Mauritania’s ‘nomadic spirit’ comes alive in Canadian restaurant

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Montreal, Canada – Simple. That’s how Mohamed Ould Atigh describes the food of his native Mauritania.

“You eat when you’re hungry [and] you eat what you can find,” Atigh says, a glass of Mauritanian green tea in hand.

Snow began to fall outside on a cold March afternoon, the colourful tapestries – a mix of deep blues and bright oranges and yellows – hanging overhead gave the dining room at La Khaima a warm feel.

More than a dozen low tables, benches and bright cushions fill the Mauritanian restaurant, which Atigh founded in the early 2000s in the city’s popular Mile End neighbourhood.

The eatery takes its name from the tents used by nomadic tribes in Mauritania, a vast and desertic country that touches both West and North Africa, and blends traditions from both regions.

La Khaima is the only Mauritanian restaurant outside the country.

Atigh grew up there, in a small village called Ividjaren, about 150km from the Mauritanian capital, Nouakchott.

“At home, it’s a simple cuisine,” Atigh tells Al Jazeera as he pours another glass of tea.

“It’s based on one meal and everyone shares it,” he adds.

“I wanted to re-create that atmosphere of sharing, more than create a restaurant. Developing that side of things, for me, was more interesting.”

Rocky start

Atigh’s arrival in Canada now feels a world away from where he is today.

He landed in Montreal in September 1996 with only three dollars in his pocket.

Then in his early 20s, he came to Canada on a student visa with plans to get a degree in Information and Technology from the University of Quebec in Outaouais, near Ottawa.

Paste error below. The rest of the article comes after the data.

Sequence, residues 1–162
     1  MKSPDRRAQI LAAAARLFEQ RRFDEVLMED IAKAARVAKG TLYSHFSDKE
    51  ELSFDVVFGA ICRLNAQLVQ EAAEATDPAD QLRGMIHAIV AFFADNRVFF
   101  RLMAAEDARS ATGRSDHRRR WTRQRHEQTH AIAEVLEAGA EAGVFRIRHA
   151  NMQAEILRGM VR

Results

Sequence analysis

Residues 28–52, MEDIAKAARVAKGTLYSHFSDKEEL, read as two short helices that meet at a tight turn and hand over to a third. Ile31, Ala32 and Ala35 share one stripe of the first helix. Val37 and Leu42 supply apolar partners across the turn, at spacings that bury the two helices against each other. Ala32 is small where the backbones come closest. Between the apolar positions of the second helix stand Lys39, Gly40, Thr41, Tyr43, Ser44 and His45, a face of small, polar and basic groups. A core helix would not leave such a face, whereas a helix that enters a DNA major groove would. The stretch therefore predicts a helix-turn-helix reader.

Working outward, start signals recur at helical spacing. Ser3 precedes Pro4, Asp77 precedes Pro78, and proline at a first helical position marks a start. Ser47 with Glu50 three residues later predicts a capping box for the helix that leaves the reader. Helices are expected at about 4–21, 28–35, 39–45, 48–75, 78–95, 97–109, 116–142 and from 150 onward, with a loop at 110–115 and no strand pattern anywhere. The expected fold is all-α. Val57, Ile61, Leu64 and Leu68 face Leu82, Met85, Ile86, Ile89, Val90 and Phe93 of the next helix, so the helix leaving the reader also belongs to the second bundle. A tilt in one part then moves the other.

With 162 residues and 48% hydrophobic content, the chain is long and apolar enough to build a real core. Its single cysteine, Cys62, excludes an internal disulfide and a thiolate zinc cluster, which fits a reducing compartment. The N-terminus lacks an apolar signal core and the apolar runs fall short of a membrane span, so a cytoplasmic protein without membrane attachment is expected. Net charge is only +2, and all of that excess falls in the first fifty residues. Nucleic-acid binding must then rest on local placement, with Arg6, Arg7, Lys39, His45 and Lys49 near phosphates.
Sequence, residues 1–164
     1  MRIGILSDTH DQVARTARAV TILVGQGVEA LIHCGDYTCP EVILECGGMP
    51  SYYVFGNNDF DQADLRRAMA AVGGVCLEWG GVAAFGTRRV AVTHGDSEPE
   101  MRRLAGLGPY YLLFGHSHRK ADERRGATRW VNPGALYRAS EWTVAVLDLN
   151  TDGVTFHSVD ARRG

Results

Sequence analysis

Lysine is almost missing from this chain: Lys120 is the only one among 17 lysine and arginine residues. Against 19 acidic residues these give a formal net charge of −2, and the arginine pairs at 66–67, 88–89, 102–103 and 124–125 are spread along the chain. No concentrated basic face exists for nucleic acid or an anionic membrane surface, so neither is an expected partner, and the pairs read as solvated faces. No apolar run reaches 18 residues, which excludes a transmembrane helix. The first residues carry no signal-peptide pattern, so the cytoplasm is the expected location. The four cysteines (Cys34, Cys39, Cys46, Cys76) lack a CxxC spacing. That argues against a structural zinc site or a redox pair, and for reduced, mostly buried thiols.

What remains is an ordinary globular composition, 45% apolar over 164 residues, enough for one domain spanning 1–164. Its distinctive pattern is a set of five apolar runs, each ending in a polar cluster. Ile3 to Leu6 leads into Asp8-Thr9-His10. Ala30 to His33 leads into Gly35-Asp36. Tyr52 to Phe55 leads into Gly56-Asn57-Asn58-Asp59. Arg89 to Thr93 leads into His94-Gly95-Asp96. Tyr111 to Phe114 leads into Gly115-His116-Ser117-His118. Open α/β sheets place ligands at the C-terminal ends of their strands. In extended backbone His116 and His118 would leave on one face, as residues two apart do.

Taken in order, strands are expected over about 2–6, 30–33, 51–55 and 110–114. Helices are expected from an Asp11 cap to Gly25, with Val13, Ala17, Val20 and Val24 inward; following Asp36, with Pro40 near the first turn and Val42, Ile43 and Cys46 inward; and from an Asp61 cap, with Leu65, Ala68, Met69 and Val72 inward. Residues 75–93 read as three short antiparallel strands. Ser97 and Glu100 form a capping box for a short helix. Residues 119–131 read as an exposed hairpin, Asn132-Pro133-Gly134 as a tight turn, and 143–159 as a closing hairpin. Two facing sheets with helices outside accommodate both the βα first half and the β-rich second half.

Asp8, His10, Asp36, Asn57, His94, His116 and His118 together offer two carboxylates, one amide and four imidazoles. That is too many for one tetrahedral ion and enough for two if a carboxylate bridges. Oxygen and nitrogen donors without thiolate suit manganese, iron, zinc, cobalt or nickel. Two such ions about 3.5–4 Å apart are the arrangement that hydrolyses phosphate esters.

But after a year, he transferred over to the Universite de Montreal.

Frustrated by his studies, Atigh refocused his energies on cooking meals for himself and his classmates out of his dorm room. It was there that he first realised that Mauritanian food had a universal appeal.

“That’s where the idea for a restaurant came from, that room,” Atigh said.

The owner of the Mauritanian restaurant La Khaima, Mohamed Ould Atigh [Jillian Kestler-D’Amours/Al Jazeera] 

Not long after that, he rented a small garage on Parc Ave, a central artery that cuts North-South through Montreal’s Mile End, and transformed it into a makeshift restaurant.

“Two tables, four chairs – and you can’t even serve at the table because there isn’t enough room to pass. You hand [the plates] over the kitchen counter and people pass them along,” he said.

Atigh cooked a single pot of food every night.

Sometimes it was meat with rice and vegetables; other times fish, or beans. The meals changed depending on what ingredients Atigh could find earlier that day.

“There was one pot and once it was done, it was done. You have to wait for tomorrow.

“It’s really like you’re in Mauritania, like the popular restaurant in Mauritania where you have a single dish,” Atigh said.

Whether you would eat on any given night, he added, really depended “on you and your luck”.

Nomadic traditions

After eight months working out of the garage, Atigh found the space he uses today: La Khaima is now in a bright space on Fairmount Street, in Montreal’s trendy Mile End.